Rudd resets UK energy policy

Energy Secretary Amber Rudd has set out the Conservative Government’s priorities for energy policy for the UK, including the closure of all coal-fired power stations by 2025.

Rudd made the building of gas-fired power stations a priority and reaffirmed the UK Government’s commitment to developing a domestic shale gas industry to reduce imports.

In a speech at the Institution of Civil Engineers in London, Rudd said: “We now have an electricity system where no form of power generation, not even gas-fired power stations, can be built without government intervention. And a legacy of ageing, often unreliable plant,” said Rudd.

“Perversely, even with the huge growth in renewables, our dependence on coal - the dirtiest fossil fuel – hasn’t been reduced. Indeed a higher proportion of our electricity came from coal in 2014 than in 1999.

“So, despite intervention, we still haven’t found the right balance.”

Shale gas commitment

Rudd said that offshore wind farms would be able to compete for subsidies but only if cost reductions continue to meet ministers’ expectations.

Nuclear power also featured highly in Rudd’s speech, with the Energy Secretary pointing out the need for more stations to be built, along with consideration of the potential of small modular reactors.

The important of energy efficiency and smart grid technology were also highlighted.

‘No comfort to investors’

James Court, Head of Policy and External Affairs, at the Renewable Energy Association, said: “This speech gives no comfort to companies and investors wanting to bring down costs for renewable technologies, and leaves the whole renewable heat industry in limbo as they still wait to find out if the Renewable Heat Incentive has a future.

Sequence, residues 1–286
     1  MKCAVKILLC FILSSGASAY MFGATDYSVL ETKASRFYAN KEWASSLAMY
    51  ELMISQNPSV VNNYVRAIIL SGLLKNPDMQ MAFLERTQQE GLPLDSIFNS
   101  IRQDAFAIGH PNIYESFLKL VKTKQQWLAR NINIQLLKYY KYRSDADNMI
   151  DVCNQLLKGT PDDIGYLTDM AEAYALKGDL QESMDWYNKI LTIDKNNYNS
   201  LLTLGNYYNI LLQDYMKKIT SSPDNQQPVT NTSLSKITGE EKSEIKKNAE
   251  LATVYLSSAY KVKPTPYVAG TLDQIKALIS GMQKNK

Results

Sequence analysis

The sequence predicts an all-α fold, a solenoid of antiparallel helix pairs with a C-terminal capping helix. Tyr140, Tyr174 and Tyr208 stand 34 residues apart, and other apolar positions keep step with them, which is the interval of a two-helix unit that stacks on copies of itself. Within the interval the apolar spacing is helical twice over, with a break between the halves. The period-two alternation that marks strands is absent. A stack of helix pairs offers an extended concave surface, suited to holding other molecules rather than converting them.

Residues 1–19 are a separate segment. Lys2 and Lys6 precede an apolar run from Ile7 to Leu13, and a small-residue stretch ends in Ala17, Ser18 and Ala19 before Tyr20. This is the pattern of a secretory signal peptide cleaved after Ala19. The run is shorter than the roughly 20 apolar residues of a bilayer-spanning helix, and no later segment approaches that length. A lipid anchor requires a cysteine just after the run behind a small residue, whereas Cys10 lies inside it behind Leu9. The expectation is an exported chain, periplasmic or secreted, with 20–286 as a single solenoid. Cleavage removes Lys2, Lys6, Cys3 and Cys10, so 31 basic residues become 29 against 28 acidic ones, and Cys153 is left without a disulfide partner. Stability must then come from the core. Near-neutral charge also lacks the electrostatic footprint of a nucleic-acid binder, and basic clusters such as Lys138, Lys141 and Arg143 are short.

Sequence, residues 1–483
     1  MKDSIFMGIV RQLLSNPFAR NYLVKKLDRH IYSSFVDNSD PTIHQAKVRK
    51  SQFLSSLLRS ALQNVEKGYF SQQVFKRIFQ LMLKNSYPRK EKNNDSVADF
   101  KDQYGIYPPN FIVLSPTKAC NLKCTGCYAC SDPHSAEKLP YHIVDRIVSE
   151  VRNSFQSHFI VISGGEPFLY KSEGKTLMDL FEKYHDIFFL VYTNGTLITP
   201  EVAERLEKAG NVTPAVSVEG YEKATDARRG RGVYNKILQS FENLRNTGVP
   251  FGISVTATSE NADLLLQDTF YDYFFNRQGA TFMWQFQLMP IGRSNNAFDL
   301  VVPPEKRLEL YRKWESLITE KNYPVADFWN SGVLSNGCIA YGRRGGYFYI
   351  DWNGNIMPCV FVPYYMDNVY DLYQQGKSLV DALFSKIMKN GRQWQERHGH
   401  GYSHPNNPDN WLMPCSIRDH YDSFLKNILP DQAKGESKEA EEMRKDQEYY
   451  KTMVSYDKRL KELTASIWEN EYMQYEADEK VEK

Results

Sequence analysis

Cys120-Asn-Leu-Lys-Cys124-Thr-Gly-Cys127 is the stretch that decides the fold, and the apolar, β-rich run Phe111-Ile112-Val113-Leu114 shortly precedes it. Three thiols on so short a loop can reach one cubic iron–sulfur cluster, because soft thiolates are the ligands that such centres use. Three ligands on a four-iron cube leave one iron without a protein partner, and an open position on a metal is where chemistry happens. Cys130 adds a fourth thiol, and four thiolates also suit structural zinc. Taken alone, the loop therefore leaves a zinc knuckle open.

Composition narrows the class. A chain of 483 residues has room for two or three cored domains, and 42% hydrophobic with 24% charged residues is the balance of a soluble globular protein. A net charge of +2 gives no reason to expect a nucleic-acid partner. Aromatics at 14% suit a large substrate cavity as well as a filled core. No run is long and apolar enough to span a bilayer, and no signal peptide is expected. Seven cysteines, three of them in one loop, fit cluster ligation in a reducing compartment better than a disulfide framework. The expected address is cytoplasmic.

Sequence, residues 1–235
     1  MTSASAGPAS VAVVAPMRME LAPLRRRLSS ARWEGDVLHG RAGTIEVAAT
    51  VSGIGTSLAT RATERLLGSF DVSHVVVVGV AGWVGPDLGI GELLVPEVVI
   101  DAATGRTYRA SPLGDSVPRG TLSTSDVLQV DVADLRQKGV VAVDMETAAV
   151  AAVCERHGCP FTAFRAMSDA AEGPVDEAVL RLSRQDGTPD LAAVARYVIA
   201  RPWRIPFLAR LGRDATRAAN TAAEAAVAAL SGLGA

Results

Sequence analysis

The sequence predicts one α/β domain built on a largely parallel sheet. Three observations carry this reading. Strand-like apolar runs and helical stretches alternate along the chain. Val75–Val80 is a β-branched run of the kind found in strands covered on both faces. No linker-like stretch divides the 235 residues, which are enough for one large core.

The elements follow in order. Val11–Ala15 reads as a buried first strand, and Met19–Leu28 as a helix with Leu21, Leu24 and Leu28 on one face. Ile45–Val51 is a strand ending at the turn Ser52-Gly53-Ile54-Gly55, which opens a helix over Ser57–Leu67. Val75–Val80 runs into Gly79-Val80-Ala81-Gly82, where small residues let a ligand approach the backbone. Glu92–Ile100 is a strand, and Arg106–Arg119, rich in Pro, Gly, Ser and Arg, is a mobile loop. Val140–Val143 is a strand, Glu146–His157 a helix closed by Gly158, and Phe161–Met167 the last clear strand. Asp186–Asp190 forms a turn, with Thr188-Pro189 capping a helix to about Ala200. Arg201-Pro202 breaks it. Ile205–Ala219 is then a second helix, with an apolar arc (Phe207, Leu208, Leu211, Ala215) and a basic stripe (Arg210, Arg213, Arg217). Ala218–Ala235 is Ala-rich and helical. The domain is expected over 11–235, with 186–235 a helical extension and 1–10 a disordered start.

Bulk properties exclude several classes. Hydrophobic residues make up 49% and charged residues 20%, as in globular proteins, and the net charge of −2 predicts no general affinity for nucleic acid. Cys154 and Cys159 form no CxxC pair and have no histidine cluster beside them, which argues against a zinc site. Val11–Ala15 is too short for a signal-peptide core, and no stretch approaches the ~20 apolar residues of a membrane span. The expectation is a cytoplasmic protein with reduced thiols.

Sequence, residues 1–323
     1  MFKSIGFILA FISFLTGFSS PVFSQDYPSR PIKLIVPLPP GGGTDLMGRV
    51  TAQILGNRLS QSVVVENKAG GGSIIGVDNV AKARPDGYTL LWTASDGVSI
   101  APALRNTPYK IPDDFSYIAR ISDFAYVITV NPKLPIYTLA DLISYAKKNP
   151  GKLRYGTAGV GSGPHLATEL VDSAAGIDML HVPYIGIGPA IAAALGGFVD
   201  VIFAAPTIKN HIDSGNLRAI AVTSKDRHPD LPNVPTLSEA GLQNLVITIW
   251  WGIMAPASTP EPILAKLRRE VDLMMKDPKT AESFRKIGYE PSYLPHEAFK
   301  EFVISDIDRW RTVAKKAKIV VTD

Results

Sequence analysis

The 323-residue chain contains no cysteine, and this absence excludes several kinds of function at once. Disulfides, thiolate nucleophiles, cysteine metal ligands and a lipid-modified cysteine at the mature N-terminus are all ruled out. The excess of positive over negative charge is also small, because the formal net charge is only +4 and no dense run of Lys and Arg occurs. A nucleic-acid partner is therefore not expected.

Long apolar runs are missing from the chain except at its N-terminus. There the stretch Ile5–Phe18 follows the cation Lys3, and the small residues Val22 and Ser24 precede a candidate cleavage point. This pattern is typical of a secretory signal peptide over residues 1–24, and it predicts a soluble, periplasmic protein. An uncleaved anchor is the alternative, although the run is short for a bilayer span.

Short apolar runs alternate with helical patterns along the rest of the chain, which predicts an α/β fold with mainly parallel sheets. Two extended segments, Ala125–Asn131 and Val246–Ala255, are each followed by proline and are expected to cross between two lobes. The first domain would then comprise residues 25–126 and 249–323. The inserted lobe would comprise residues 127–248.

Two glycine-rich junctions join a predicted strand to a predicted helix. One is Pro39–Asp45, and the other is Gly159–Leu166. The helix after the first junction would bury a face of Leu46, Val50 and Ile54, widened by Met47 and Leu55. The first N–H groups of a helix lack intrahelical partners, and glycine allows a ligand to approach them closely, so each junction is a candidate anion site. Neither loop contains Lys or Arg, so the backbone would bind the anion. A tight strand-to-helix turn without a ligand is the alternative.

“Amber Rudd has yet again stated she wants to de-carbonise in the most cost-effective way, but her actions through supporting higher cost technologies, such as nuclear, at the expense of more cost-effective renewables such as onshore wind, solar and biomass, means consumers will be paying more.”

Niall Stuart, Chief Executive at trade body Scottish Renewables, added: “It appears that the Secretary of State is bending over backwards to highlight the benefits of gas-fired and nuclear power, whilst overstating the challenges of increasing our renewable energy capacity.

“It is right that we get coal off the system but there is no mention of gas already being the UK’s main source of carbon emissions, the cost of nuclear power being significantly more expensive than onshore wind and solar, nor the challenges of managing large and inflexible nuclear power plants.”

Environmental groups including Friends of the Earth and Greenpeace hailed the end of coal as an “historic moment”, but warned more needed to be done to promote renewable energy.

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